I took a mindful self compassion course through Kristin Neff’s MSC institute. That course taught me to accept myself, to have compassion for myself, and to be kinder to myself. This has had profound impacts on my personal relationships. I’m able to forgive more quickly and genuinely because when I accept I am wrong, I realize that I made a mistake, not that I am a mistake. I’m able to feel more calm when I have anxiety because I more mindful of what I am feeling and have loving kindness for myse ...more
Becca
Jul 22, 2019 rated it it was ok
Shelves: psych
I agree with some of her ideas: That kindness towards ourselves is more motivating than self-criticism and self-judgment. That it’s worthwhile to recognize our suffering as part of the human experience. And that a growth mindset (including acceptance of “failure”) while focusing on achieving personal goals will produce greater life satisfaction than “playing it safe” and trying to impress others.

However, I didn’t find her examples engaging, especially the anecdotes from her own life. Her insist
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Dna
Oct 19, 2017 rated it did not like it  ·  review of another edition
Mind numbing. I'd rather be an asshole to myself. Bye!
Shona Tiger
Nov 18, 2018 rated it really liked it
An important read. My worldview is quite different to hers, but I found this book very helpful, and have learnt some principles I'm incorporating into my daily practice.
Sarah M
Aug 21, 2018 rated it it was amazing
Shelves: book-club-2019
A great book to help you look inward to how you treat yourself and the ways your self-compassion, or lack thereof, impacts your life and happiness. Lots of practical advice and exercises that are easily executable, as well as anecdotes and confessions from the author herself on how these practices have worked for her. A great resource that I will be implementing and revisiting as needed.
Beverly Fox
Feb 12, 2019 rated it it was amazing  ·  review of another edition
Shelves: favorites, self-help
I am a therapist by profession but it would be a disservice to this book (and more importantly, this practice) to say that it has just changed how I counsel. It has changed how I live.

I practice these techniques as much as I preach them, perhaps more, and it is completely altering how I feel, think and function. When I get hurt, mess up, fall into bad habits my first impulse (because old habits die so hard) is still that self criticism that is so deeply ingrained. BUT there’s a secon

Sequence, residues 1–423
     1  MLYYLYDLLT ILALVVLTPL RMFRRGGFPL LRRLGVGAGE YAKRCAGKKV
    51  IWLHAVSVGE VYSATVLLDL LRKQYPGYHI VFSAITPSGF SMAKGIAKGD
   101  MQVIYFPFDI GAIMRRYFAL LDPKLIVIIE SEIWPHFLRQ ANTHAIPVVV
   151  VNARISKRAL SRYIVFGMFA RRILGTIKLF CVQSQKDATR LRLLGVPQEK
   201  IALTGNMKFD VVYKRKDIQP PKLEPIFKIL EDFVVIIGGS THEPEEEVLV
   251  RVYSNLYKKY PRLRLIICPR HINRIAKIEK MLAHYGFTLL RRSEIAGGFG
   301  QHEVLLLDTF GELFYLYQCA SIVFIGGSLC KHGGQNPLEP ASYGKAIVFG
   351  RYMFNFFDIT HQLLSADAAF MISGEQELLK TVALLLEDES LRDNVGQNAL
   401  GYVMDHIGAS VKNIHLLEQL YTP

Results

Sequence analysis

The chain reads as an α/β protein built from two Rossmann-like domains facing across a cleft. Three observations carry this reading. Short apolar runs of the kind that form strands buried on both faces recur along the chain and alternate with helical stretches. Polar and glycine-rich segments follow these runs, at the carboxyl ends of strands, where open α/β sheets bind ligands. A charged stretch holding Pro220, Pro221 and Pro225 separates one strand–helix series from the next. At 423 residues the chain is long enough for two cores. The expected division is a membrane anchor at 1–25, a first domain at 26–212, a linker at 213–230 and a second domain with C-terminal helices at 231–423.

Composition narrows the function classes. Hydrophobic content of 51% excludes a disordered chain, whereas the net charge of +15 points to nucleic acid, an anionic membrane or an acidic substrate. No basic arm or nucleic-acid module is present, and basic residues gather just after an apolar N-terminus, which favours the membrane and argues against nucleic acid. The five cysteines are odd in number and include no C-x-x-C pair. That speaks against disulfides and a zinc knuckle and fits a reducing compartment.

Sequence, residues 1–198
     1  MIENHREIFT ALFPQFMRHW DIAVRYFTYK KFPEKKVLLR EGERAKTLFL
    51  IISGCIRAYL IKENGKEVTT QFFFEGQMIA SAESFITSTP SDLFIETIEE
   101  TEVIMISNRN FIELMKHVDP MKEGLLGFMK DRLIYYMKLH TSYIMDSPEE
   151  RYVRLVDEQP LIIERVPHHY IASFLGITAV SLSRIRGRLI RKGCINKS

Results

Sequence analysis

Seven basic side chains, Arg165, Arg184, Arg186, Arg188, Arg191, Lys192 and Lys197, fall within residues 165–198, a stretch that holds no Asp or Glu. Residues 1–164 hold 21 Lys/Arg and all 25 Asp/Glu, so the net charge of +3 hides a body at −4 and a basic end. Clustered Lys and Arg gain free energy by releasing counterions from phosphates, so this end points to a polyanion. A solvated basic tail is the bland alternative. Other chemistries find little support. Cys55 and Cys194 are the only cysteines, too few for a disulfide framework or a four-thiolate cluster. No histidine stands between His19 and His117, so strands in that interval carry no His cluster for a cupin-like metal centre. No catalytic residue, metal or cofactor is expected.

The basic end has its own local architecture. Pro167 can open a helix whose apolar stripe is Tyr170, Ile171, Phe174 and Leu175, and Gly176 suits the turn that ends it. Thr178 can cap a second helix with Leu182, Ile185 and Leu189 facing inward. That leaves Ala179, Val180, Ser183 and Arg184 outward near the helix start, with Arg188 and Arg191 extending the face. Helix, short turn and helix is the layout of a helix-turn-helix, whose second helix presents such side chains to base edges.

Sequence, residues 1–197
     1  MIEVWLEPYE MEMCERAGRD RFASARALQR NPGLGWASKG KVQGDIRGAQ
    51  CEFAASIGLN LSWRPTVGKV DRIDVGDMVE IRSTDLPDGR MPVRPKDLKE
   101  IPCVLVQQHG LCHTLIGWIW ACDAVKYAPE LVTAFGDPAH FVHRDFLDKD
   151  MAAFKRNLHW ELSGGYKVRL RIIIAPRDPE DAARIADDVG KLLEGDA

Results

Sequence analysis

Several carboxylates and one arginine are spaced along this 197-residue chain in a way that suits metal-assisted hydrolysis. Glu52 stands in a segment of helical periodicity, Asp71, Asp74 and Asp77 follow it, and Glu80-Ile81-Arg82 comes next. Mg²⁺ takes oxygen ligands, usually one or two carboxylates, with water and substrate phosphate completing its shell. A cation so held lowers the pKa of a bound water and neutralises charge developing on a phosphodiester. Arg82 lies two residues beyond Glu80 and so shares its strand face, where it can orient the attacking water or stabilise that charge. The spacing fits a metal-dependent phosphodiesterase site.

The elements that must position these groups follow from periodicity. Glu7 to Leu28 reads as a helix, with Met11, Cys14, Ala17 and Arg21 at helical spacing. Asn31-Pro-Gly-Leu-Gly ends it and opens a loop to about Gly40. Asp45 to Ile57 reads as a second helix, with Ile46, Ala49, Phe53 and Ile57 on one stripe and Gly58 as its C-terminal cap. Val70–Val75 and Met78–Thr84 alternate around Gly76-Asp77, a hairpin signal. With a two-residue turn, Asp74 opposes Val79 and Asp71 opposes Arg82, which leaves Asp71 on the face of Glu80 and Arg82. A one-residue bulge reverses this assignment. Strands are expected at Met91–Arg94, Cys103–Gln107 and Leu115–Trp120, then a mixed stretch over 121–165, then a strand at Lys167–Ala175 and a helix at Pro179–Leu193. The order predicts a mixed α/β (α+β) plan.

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Marine
Jul 04, 2015 rated it it was amazing
I can't begin to explain how much i am in love with this book. It speaks truth and enlightened me on so many different levels.
Kristin gave many small simple exercises that we can practice on our own to practice kindness to ourself. She gave many real-life experiences and experiments held to prove her point. Very interesting to read.

Basically, the 3 basic fundamentals of self-compassions is Kindness, common humanity and mindfulness. She explains each components very clearly and easy to grasp ma
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Zaher Alhaj
Dec 20, 2013 rated it really liked it
Recommends it for: people having intense emotions of perfectionism and stress
When I first came across the term "Self-compassion", I told myself: "here we are with a new touchy-feely self-help nonsense", equaling it with "Self-pity". Shortly thereafter, I came across an article by the writer Neff on http://greatergood.berkeley.edu/ and then I found out that this concept is a real thread that is woven deeply in the fabric of our human nature.
From our early ages, we have been taught to be special and above average, forcing us to feel better than others, to seek the illusion of perfectionism, to beat ours
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Gloria Denoon
Jan 07, 2014 rated it really liked it
Neff’s definition of self-compassion has been extremely helpful to my personal practice. According to her, there are three doorways to self-compassion: kindness to oneself, common humanity (we all suffer but can support each other), and mindfulness.

No high theories. Very practical.

She gets extra credits for using her own personal experiences, some of which are big mistakes, in various analyses to show how we could turn missteps and sufferings to learning opportunities so that we can
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Dr. Kristin Neff is an Associate Professor in Human Development and Culture at the University of Texas at Austin.

During Kristin’s last year of graduate school in 1997 she became interested in Buddhism, and has been practicing meditation in the Insight Meditation tradition ever since. While doing her post-doctoral work she decided to conduct research on self-compassion – a central const
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“Compassion is, by definition, relational. Compassion literally means 'to suffer with,' which implies a basic mutuality in the experience of suffering. The emotion of compassion springs from the recognition that the human experience is imperfect.” 31 likes
“This is a moment of suffering. Suffering is part of life. May I be kind to myself in this moment. May I give myself the compassion I need.” 19 likes